One of my big hobbies is HEMA, or Historical European Martial Arts. I focus on Italian styles of rapier, side sword and their companion weapons. I’ve also done a little bit of German and Dutch stuff too.

This weekend just gone I attended my first international tournament. My first tournament full stop. After a few years of training I stood up and decided it was time to compete. There were instructors and attendees from the Netherlands, Ireland, the UK, Germany, Italy, Greece, Norway,  France and Canada. As well as Russians, Aussies and more who now call the UK their home (at least for the time being!).

On a whim, and partly because of my friend Adrian Faulkner’s urging, I signed up for the rapier and dagger competition. And I won the silver medal. Which was amazing, not because I did well but because, frankly, I haven’t been that hyped up on adrenaline for a long time. So much so that it was burning in my chest and I had narrowed vision.

The stress of big deals at work can leave me feeling like that but the release is always much less satisfying – I hardly ever (read never) get to stab someone in the face and have people applaud me for it!

Yet this post is about more than simply fighting other people, or me popping my tournament cherry. It’s about honour. Almost every single person I fought over the weekend (and I fought at least thirty five times) stood up when they were hit  – regardless of whether judges had seen it.

The example that typifies the type of person at the event is from the semi-finals when I fought another member of my school – Josh Davis. He is new to the sport but makes up for that with being a quick study, being young and coming to each fight with a desire to see what he can do.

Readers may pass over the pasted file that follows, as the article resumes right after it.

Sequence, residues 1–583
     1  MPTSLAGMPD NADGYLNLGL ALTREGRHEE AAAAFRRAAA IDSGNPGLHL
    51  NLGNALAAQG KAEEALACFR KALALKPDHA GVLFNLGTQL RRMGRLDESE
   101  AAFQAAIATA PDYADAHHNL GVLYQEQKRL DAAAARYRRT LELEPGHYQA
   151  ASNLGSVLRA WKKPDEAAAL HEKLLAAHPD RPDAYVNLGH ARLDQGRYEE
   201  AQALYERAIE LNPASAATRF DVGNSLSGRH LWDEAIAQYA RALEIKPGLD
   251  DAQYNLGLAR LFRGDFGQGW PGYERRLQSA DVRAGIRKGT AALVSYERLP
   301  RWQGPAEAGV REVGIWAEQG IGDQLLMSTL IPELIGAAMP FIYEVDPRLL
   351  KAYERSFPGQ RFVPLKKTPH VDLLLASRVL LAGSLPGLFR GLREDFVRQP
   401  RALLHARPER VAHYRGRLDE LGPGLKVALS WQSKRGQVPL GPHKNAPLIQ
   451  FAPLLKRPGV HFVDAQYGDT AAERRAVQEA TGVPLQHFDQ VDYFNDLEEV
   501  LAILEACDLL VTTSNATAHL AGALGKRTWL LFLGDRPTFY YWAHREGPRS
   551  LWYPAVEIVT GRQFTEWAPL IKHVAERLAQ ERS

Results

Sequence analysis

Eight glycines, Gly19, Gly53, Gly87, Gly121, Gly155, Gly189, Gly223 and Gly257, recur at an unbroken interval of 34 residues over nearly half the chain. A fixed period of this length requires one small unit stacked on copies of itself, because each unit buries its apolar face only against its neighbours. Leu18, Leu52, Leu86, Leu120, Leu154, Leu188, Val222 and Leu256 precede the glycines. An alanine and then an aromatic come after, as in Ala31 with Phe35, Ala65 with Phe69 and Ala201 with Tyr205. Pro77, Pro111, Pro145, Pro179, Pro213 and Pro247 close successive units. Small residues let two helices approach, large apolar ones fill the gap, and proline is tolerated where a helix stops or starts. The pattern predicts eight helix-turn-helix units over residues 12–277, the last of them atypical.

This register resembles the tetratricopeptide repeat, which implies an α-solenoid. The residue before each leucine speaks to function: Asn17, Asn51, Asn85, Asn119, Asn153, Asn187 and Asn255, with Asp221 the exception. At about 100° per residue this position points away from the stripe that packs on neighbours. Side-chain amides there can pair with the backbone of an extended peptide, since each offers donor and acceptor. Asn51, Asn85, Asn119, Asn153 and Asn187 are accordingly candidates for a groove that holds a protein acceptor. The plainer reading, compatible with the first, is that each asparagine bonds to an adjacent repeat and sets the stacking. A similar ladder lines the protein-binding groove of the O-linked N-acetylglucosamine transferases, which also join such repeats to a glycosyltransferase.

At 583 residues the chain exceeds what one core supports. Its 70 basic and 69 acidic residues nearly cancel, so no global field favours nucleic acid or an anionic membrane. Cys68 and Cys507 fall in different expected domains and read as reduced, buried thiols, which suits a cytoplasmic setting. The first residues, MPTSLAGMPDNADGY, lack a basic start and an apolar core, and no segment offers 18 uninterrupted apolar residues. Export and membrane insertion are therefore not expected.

The exchange was the first to three clean hits and I was 2:1 up. I stabbed Josh good and proper to the shoulder but the judges couldn’t quite see what had happened. Josh, knowing he’d lose the chance to progress to the finals if they scored against him, stood up and said: he hit me fair and square. That, for me, is sportsmanship, honour and about a dozen other characteristics I admire in the people I train with.

The other example is the person I fought in the final who beat me to win the gold, George. After the fight he made sure to find me and hand me a patch from his own school in Greece to say I’d always be welcome. Both events left me touched and humbled, that people who could have behaved differently without anyone judging them harshly were so giving and considerate – in an atmosphere of deliberate aggression and competition.

It may feel a little bit like a naive faery tale and in some ways it kind of is. Yet these are grown men and women competing for medals at an international standard and still they find that the idea of treating others as their peers was the most important characteristic they could adhere to.

It was a good weekend.

As a sign off, I’d like to direct you to this article that appeared in the Indy newspaper today and written by my friend Kate Townshend: